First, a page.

Aliens in New Jersey Tesla's Death Ray First, Howard contacted Nicola Tesla, the father of radio and one of the pioneers of electrical power. Tesla's research had led him to develop plans for a directed energy or "teleforce" weapon, which the Serbian-born inventor had presented in a paper the year before. Howard, immediately saw Tesla's death ray as a needed defense against the next alien invasion of Earth. However the U.S. War Department, preoccupied with the growing threat of Germany in Europe and Imperial Japan in the Far East, were dubious -- this despite the demonstration of the effectiveness of energy weapons by the invaders themselves. They preferred to pursue research into the atom bomb, something which they were sure that Hitler's government had already begun. Howard was undeterred and began secretly funding work on Tesla's super-weapon himself.

LEGENDS, MAN and SUPER-MAN
Next, Howard began to recruit agents for his organization. But, not just anyone would qualify for the extraordinary responsibilities and risks that the millionaire magnate was sure would follow.

Dr. Frankenstein's Monster, 1820 Unknown to the public at large, the existence of so-called super-heroes had long been a secret fact. These beings had always existed, many of them the true source of myths and legends around the world. Perhaps the earliest and best known super-hero of ancient times was the Greek champion Hercules, a heroic figure possessing super-human strength and resilience. Said to be the son of Zeus and a mortal woman, Hercules' true origin (and the source of his powers) are unknown ... Closer to modern times, the first documented case of a super-being was revealed in Mary Shelley's 1818 novel, Frankenstein, wherein the author tells the story of a man resurrected by science and possessing extraordinary strength as well as immortality. The tale is a tragedy, ending with Dr. Victor Frankenstein's nameless "monster" seeking exile from humanity in the frozen Arctic.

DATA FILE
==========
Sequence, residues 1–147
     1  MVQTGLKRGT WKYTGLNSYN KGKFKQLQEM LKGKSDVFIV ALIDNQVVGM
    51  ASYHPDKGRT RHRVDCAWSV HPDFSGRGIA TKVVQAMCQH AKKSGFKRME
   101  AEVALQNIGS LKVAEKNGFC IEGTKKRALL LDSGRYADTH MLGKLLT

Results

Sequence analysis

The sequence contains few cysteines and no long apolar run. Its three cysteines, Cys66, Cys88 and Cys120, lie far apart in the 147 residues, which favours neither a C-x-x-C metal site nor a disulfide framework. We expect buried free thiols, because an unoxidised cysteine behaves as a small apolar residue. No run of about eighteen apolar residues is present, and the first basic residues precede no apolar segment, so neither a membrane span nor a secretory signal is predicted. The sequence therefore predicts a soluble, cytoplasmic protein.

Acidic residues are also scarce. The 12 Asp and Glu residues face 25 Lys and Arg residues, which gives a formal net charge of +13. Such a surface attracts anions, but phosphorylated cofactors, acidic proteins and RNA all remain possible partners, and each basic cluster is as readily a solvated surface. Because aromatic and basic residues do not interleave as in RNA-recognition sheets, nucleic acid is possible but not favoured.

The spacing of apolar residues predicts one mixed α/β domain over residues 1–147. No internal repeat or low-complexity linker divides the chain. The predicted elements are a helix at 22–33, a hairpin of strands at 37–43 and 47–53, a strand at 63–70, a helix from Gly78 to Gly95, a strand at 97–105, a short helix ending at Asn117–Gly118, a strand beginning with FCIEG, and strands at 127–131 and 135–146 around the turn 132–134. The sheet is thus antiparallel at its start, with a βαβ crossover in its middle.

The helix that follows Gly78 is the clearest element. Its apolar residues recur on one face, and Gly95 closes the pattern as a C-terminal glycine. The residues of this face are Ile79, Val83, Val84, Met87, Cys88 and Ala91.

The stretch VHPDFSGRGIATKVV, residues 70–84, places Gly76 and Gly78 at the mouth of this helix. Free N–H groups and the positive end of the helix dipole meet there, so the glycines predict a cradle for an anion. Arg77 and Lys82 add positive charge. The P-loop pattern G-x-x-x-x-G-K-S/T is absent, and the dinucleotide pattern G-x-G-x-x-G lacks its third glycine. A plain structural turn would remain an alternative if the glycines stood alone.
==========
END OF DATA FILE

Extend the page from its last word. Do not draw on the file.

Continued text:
Vlad Tepes, c.1455 Next, in 1886 came The Strange Case of Dr. Jekyll and Mr. Hyde, related by Robert Louis Stevenson, based on factual events in London around 1880. Here, by means of a chemical formula, a meek London doctor had managed to transform himself into a violent, super-powered misanthrope.